1. If there is more than the amount of “difference” between the DC clock and other domain controller clocks then the server will not be able to synchronise
  2. Similarly, as the DC clock will different from those of clients, clients will fail authentication against this domain controller.
  3. This constant re-synchronisation will cause clock “flapping” so that any events or logs written will have events recorded in an incorrect order. This is an issue not only for domain controllers but also for other servers such as SQL or Exchange where they record the time of records being changed or messages arriving.
  4. If you run an environment where accurate times are important then this will into be possible with “flapping” clocks. For example, if you require staff to “clock in” and penalise them for late arrival then your solution will be at risk if your clock cannot keep accurate time.

So, by all means virtualise your domain controllers but don’t allow them to synchronise their clocks with the physical host. In Hyper-V this behaviour can be disabled by opening the Hyper-V Manager Console. selecting the virtual machine and clicking on Settings in the Actions pane for that virtual machine. Under the Management node select Integration Services and clear the Time Synchronization check box.


Click to enlarge
Click to enlarge

Click on Apply and that virtual machine will now synchronise its clock solely based on the settings within its operating system.

The second item to consider before virtualising your domain controllers concerns “snapshotting”. Snapshots allow you to take a point in time view of a server and then record differences to the virtual disk of that server over time. In this way you can “roll back” a virtual machine to the point the snap shot was taken by removing the changes made. However, this gives an issue when we consider domain controllers.

When a change is made on a Domain Controller it updates its own Update Sequence Number (USN) and, when a synchronisation is due with other domain controllers, issue the update to them. These USN’s are maintained per Domain Controller and a certain change may register on DC1 as 12345 and hold the USN of 7657622 on the far older DC2. You can see the USN on a particular Domain Controller by looking at the highestCommittedUSN value using ADSIEdit to connect to the RootDSE default naming context.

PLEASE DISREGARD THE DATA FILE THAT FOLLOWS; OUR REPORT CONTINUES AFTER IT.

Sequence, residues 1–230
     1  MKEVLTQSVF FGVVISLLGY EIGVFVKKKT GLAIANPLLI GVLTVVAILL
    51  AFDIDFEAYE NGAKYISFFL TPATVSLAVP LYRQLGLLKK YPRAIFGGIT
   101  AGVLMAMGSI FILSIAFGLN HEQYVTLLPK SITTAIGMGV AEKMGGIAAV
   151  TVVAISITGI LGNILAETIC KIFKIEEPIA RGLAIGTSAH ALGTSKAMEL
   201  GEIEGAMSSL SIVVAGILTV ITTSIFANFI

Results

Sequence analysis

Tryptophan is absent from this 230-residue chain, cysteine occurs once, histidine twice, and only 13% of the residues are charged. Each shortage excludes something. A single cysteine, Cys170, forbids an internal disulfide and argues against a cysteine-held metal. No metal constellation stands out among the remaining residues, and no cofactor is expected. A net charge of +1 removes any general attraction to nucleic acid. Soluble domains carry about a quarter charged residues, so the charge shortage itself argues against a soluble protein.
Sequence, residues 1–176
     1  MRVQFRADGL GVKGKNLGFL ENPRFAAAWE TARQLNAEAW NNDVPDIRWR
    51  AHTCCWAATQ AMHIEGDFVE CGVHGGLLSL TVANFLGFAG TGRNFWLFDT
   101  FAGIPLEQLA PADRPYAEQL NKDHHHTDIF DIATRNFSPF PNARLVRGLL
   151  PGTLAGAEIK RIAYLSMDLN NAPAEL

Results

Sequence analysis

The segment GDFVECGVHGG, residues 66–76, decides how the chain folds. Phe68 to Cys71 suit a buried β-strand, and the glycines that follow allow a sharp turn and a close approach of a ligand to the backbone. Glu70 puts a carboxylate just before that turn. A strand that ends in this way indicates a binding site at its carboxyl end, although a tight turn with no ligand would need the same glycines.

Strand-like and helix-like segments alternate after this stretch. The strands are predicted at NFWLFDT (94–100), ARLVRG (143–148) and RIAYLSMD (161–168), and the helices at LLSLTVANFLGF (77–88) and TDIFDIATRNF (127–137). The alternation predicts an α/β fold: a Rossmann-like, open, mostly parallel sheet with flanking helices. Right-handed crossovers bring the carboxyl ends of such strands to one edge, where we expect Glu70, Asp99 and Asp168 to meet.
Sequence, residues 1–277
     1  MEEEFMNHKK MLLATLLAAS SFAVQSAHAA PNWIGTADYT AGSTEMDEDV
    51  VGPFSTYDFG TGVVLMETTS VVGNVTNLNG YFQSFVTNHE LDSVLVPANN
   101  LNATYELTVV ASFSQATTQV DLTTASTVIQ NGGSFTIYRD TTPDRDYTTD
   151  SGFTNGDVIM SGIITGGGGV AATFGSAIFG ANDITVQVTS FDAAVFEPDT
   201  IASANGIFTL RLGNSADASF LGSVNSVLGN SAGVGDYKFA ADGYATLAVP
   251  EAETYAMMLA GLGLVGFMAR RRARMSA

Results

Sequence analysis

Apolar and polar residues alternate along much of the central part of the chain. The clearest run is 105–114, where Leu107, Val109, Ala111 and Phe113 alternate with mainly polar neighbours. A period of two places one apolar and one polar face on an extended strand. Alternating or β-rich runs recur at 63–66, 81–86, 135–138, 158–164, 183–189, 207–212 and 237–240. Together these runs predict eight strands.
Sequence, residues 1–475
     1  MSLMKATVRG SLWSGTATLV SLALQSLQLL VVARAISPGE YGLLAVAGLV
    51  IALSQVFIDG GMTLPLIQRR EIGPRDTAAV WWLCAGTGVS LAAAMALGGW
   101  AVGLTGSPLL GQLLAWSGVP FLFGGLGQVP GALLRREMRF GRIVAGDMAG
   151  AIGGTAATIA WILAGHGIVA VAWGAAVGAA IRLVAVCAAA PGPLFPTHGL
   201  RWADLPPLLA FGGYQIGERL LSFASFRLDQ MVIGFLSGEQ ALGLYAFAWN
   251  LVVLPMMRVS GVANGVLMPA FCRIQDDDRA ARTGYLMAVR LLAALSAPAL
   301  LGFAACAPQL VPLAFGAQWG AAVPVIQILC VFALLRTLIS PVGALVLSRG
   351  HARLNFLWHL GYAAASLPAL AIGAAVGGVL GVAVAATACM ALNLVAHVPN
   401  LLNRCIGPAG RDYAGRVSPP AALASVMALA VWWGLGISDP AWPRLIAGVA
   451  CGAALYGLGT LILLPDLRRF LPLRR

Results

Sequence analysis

Click to enlarge
Click to enlarge
DC1 would look like above and DC2 would have the USN below, for example.
Click to enlarge
Click to enlarge

Now, it’s a basic premise that the USN on a domain controller should only ever get bigger, and not smaller. After all, transactions can’t just disappear. Indeed, domain controllers use this USN to keep track of the updates they have received from each other. The last USN received from each replicating partner is stored in a High Watermark Vector Table on each DC. In this way, the receiving domain controller knows which was the last change it received form a replicating partner. When it next wants to replicate it sends its high watermark value to the DC it wants to replicate from (the source domain controller). The source DC then uses the information in the high watermark value to determine which objects to replicate back to the target Domain Controller. This can be represented by the following table:

Step DC USN High Watermark Value Action
1 DC1 100 200 Initial Value
DC2 200 100
2 DC1 108 200 Changes made on DC1 (New user created for example)
DC2 200 100
3 DC1 108 200 DC2 requests changes, synchronises and updates it high watermark value for DC1
DC2 200 108
4 DC1 127 200 Further changes are made on DC1
DC2 200 108
5 DC1 127 200 Only changes 109 to 127 are synchronised to DC2
DC2 200 127


So far so good. So, what’s the issue. The issue is that if we had taken a snapshot of DC1 at, say, step 3 and rolled back then the following would happen.

Step DC USN High Watermark Value Action
1 DC1 100 200 Initial Value
DC2 200 100
2 DC1 108 200 Changes made on DC1 (New user created for example)
DC2 200 100
3 DC1 108 200 DC2 requests changes, synchronises and updates it high watermark value for DC1
DC2 200 108
4 DC1 127 200 Further changes are made on DC1